There is no easy way to lead into the crux of this article.  We often talk in abstracts, sidestep, and dance around one word for fear of offending anyone.  However, we cannot solve any issue by avoidance, so let us talk about euthanasia.

First, let’s clarify a misconception.  A good portion of the public believes that after the mandatory hold period at the Tehama County Animal Care Center (TCACC), strays will be euthanized.  This could not be further from the truth.  The Animal Care Center does not have “time limits” for adoptable animals.  Before a decision is made to euthanize an animal, a number of factors are studied such as life threatening illnesses, extreme medical problems, and unprovoked aggression.  Before any decision is considered, the animal’s ultimate well-being and quality of life, as well as public safety is painstakingly thought about by those involved.  This is the most dreaded procedure for any employee of the Shelter, and it is done only when all other options have been exhausted.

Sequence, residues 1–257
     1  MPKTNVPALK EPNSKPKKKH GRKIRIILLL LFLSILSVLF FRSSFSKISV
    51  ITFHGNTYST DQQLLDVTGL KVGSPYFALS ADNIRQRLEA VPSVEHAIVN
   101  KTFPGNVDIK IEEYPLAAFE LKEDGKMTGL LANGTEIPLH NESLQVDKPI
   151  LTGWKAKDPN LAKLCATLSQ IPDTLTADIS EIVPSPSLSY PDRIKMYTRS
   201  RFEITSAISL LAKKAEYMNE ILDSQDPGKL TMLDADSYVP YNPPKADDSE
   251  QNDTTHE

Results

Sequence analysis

Next, I am extremely happy to report that the TCACC, as a public shelter with its limited resources, small size and increased intake of animals this past year, has managed to defy the National averages.  Of all the animals admitted into TCACC in 2014, 82.3% were either adopted, rescued, or returned to their original owner.  On an even larger note, in December of 2014 the live release rate was 93.9%, the highest figure ever obtained in Tehama County.  The National Council on Pet Population Study and Policy cites that 56 % of dogs and 71 % of cats that enter animal shelters are euthanized.  At TCACC, its euthanasia percentages were substantially below those figures as evidenced by the “live release rates” cited above.